There are over 526,000 Iowans over the age of 65 (State Data Center of Iowa, 2019). Based on national data that estimates 10 percent of older adults over age 60 are victims of elder abuse, neglect, and exploitation (Beach et al., 2010), then there could be over 52,000 Iowans who experience elder abuse annually. For perspective, more Iowans are victims of elder abuse than the populations of Urbandale or Cedar Falls. Twice as many as the population of Burlington or Ottumwa.
A recent report on Iowa Public Radio highlighted the challenges of elder abuse in Iowa. The report stated “Iowa’s Department of Human Services received nearly 5,300 abuse complaints for adults over 60.” The key distinction is that many of these complaints are rejected from investigation because the older adult was not victimized by a caregiver. This distinction in definitions is critical when discussing elder abuse because cases of dependent adult abuse for Iowans over 60 are elder abuse, not all elder abuse is dependent adult abuse. This is a matter of definitions that prevent Iowans who are victims of elder abuse, but not dependent adult abuse, from understanding what supports, services, and legal relief is available to them once they have been victimized.
According to the National Center on Elder Abuse (NCEA), knowledge of elder abuse lags behind child abuse and domestic violence by as much as 20 years. This may be, in part, due to the substantial difficulty in elder abuse definitions. The NCEA also states that conducting research on elder abuse is challenged because of variations in how elder abuse is operationalized. It is heartening to know that, in Iowa, there are activities that can be legally identified as elder abuse (See Iowa Code Chapter 235F). These definitions are necessary in distinguishing between elder abuse and dependent adult abuse and what relief a victim of abuse can expect. While the current law provides for protections when elder abuse occurs, it may not go far enough in criminalizing the act of elder abuse. Such discussions are likely necessary to ensure fulsome protections for Iowa’s older adults who have been victims of abuse.
Obviously the question becomes how can we meet the demand of so many potential elder abuse cases? This too will require further systemic support and strengthening of programs that are already in place to provide supports and services in preventing abuse as well as responding to abuse when it occurs. Iowa’s Area Agencies on Aging provide local services through the Elder Abuse Prevention and Awareness program. Strengthening local, multi-disciplinary teams where they exist, and expanding where they do not, would be another strong step forward. Such teams have been described as cornerstones to intervention (Galdamez et al., 2018). Nationally, elder abuse multi-disciplinary teams and networks focus on financial exploitation (90.8%), physical abuse (83.5%) and neglect by others (81.6%) (Galdamez). Barriers to the success of such teams include funding, time commitment required, and multi-agency engagement in addressing elder abuse issues (Galdamez). In Iowa, efforts have been underway to promote local coordination as well as training and education provided through federal funding at the Iowa Attorney General’s office.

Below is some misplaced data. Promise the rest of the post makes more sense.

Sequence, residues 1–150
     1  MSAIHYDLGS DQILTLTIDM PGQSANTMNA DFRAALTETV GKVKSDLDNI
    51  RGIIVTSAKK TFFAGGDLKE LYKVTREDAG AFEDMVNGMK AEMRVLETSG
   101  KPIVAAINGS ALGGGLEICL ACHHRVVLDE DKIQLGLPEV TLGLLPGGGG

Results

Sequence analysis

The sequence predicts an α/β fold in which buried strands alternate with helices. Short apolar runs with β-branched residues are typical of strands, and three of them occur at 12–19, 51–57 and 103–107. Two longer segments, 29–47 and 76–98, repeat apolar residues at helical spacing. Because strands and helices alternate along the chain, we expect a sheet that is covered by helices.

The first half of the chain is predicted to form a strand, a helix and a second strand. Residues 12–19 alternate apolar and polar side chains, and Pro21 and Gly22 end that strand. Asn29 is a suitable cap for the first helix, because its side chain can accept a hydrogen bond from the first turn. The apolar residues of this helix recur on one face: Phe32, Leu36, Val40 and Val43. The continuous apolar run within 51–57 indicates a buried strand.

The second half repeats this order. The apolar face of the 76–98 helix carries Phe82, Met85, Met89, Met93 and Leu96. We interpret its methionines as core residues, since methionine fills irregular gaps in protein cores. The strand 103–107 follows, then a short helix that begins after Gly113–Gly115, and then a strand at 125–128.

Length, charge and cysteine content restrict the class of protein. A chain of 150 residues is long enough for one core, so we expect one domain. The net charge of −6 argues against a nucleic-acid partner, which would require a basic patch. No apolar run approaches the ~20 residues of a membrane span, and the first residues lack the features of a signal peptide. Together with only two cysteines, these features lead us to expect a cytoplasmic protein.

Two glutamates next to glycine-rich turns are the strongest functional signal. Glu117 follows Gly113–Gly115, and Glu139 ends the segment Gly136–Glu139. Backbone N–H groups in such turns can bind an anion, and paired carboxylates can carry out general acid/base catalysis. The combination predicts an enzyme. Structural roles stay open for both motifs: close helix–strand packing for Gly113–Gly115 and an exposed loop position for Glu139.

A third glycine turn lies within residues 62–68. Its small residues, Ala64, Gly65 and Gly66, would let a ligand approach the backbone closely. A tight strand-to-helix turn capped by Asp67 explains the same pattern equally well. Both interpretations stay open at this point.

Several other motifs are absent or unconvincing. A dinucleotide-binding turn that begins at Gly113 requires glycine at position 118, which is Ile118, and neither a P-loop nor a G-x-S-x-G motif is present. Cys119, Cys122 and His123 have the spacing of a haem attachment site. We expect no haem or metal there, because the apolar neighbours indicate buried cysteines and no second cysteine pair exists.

As we draw closer to the start of Iowa’s legislative session, Iowa’s aging network and the Iowa Association of Area Agencies on Aging will continue to provide education and information about the important definition distinction between elder abuse and dependent adult abuse in Iowa and the services needed to meet the needs of older Iowans.
Learn more about national legislation: Elder Justice Act of 2010
Beach, S.R., Schulz, R., Castle, N.G., & Rosen, J. (2010). Financial exploitation and psychological mistreatment among older adults: Differences between African Americans and Non-African Americans in a population-based survey. Gerontologist, 50(6), p. 744-757.
Galdamez, G., Avent, E., Rowan, J., Wilber, K.H., Mosqueda, M.D., Olsen, B., & Gassoumis, Z.D. (2018). Elder abuse multidisciplinary teams and networks: Understanding national intervention approaches. Innovation in Aging, 2 (Suppl. 1). 763. Accessed December 9, 2019 at https://www.ncbi.nlm.nih.gov/pmc/articles/PMC6228882/
National Center on Elder Abuse (2019). Statistics and Data. Accessed December 9, 2019 at https://ncea.acl.gov/About-Us/What-We-Do/Research/Statistics-and-Data.aspx#challenges
State Data Center of Iowa (2019). Older Iowan: 2019. May 2019. Accessed December 9, 2019 at https://www.iowadatacenter.org/Publications/older2019.pdf